A couple of weeks ago, I spoke about trusting God, even when a season feels like a straitjacket. Those words resonated with a lot of people. I suppose for everybody at some point life feels that way — you’re in a season that has you sitting still, and it’s often the case that the best you can do is just trust “it ain’t forever” and keep on keepin’ on. There are often great things happening under the surface, and the restraint we feel is often part of a bigger process, whether we’re aware of it or not.

But part of the process of making it through one of those seasons is knowing when the season is done. And sometimes that’s easy to see — you get fired from the job you hated, or you get the promotion you’ve been praying for that will reduce financial stress. The sign changes and the speed limit is no longer 25. Other times, like the butterfly, you are a part of the process of wiggling your way out of the chrysalis that has held you in place while the change was taking place.


So how do you know when it’s time to wiggle?

2 Kings 7 tells this fantastic story that is almost Shakespearean humor to me. Syrians laid siege on the city of Samaria and people were quite literally starving to death. In those days, lepers were banished to live outside the city because people didn’t want to touch them, for fear of being “made unclean.” {Long explanation for that, let’s save it for another day.}

So these four lepers were living outside the city, and when times are tough and people don’t have food for themselves, it’s pretty likely these dudes were on the verge of extinction.

Until they came up with a plan.

“Muchachos,” they said to one another, “why are we just sitting here waiting to die? Obviously, if we go into the city, since there’s no food in the city, we’ll die. And clearly, if we just stay sitting right here, we’re gonna die. So why don’t we head over to the Syrian camp and surrender to them? If they keep us alive, well then sweet potatoes. But if they kill us, what’s the difference, right?”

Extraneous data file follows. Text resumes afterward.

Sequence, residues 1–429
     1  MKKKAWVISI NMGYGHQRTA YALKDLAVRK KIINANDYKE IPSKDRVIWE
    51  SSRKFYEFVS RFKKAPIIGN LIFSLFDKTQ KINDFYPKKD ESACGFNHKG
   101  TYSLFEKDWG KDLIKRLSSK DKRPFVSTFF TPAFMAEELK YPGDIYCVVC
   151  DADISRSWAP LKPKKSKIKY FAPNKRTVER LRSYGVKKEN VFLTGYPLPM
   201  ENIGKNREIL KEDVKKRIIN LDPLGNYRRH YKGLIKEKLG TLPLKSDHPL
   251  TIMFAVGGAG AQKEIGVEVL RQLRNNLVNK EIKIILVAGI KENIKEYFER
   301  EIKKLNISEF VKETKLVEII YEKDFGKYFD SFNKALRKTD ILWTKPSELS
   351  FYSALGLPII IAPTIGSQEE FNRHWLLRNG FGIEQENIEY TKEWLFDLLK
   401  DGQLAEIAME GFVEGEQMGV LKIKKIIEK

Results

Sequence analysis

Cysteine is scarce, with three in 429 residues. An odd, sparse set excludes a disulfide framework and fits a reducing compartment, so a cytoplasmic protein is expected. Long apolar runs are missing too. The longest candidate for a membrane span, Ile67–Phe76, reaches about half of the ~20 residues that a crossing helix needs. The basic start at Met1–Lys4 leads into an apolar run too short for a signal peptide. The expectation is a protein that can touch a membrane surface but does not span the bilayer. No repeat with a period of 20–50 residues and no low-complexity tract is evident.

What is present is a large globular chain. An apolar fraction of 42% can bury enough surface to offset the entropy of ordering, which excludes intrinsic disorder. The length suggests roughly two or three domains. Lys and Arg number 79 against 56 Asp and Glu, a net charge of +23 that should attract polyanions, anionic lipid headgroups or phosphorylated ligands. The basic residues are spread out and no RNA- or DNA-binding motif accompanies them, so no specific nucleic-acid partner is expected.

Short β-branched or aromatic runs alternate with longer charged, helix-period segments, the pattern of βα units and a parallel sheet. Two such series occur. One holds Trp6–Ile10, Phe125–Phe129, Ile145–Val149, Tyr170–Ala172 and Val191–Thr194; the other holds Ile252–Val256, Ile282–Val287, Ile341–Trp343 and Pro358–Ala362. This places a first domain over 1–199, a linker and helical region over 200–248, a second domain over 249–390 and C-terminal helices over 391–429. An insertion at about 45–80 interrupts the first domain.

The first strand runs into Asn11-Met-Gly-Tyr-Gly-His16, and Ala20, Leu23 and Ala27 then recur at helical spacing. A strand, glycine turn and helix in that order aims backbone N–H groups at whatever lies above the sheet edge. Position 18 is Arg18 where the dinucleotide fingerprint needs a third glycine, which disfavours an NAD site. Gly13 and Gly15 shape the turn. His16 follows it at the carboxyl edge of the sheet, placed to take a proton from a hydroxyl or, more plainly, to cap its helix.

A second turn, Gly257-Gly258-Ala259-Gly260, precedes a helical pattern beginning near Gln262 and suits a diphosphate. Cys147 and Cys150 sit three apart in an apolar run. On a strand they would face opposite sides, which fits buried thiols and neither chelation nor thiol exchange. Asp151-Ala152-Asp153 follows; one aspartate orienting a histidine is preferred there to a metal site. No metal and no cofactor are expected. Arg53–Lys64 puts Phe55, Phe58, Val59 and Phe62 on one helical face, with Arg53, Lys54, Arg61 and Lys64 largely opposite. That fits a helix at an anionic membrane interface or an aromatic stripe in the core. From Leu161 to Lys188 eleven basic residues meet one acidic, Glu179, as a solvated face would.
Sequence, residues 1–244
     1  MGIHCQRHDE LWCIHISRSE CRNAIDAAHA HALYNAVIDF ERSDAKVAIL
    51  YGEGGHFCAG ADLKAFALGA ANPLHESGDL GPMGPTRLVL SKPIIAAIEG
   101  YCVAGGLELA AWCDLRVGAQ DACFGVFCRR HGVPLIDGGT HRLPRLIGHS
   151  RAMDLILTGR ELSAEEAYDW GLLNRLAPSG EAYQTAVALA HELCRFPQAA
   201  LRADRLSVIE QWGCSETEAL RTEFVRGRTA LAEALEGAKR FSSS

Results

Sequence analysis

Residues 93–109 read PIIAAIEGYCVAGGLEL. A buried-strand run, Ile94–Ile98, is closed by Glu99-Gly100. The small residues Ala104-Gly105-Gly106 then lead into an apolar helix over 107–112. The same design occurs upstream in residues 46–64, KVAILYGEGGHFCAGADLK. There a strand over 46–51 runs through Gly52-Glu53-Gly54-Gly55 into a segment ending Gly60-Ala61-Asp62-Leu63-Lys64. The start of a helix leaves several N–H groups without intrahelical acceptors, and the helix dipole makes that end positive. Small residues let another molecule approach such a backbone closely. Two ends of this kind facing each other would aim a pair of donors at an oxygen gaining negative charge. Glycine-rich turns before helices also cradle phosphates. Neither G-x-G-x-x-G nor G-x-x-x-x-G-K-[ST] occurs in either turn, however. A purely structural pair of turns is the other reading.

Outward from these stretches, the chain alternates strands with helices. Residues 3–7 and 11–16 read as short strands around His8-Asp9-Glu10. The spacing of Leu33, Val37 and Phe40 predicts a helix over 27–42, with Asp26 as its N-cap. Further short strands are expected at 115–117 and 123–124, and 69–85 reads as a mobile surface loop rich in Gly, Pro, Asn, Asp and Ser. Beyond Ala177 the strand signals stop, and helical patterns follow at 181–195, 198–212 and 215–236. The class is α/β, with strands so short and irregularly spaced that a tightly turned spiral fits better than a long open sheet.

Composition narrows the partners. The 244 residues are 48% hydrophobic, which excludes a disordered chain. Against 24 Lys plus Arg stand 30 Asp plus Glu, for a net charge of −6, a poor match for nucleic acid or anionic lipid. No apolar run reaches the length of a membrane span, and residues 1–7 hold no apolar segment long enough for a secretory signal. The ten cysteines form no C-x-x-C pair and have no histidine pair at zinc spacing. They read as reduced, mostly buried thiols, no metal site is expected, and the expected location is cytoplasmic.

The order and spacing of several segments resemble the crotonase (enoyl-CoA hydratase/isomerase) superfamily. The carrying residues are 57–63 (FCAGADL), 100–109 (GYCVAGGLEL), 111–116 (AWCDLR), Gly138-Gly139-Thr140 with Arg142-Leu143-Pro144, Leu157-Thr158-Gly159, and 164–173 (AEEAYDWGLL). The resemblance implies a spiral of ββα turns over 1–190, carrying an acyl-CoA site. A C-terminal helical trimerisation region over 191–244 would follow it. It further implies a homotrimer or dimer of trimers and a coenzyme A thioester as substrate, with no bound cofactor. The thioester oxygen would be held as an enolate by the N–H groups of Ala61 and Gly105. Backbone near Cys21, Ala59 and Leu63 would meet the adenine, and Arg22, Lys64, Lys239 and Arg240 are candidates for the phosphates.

What these dudes didn’t know was that the Lord had been at work while they were busy reasoning things out. He’d caused the Syrians to hear the sound of a big army coming, and they thought the Samarians had hired some folks to come fight on their behalf.

“The Egyptians and the Hittites are coming to lay the smack down!” they’d shouted to one another. And they took off running scared, leaving all their stuff right there in the camp, shedding layers of clothing so they could run faster.

When those lepers showed up in the camp, it was a ghost town. So {this is the part I really love picturing in my mind} they start raiding the camp from tent to tent. Check it out, guys, there’s food over here! Bro, check out this rocking new garment I just found! I’m gonna go bury this booty in the ground and come back for more! Whoo-hoo! Who’s thirsty???

Eventually they think to themselves, Dudes, we are being totally not cool. The people in the city are about to keel over starving because they think this army is still here. We better go tell them the good news before we get in trouble for being selfish punks.

So these four lepers, who nobody expected anything from, told the city the good news, and in a way, they kind of saved the day. The king sent some of his men to go check out their story and make sure it was true, and then people went out and plundered the tents — the siege was finished and the famine was, too.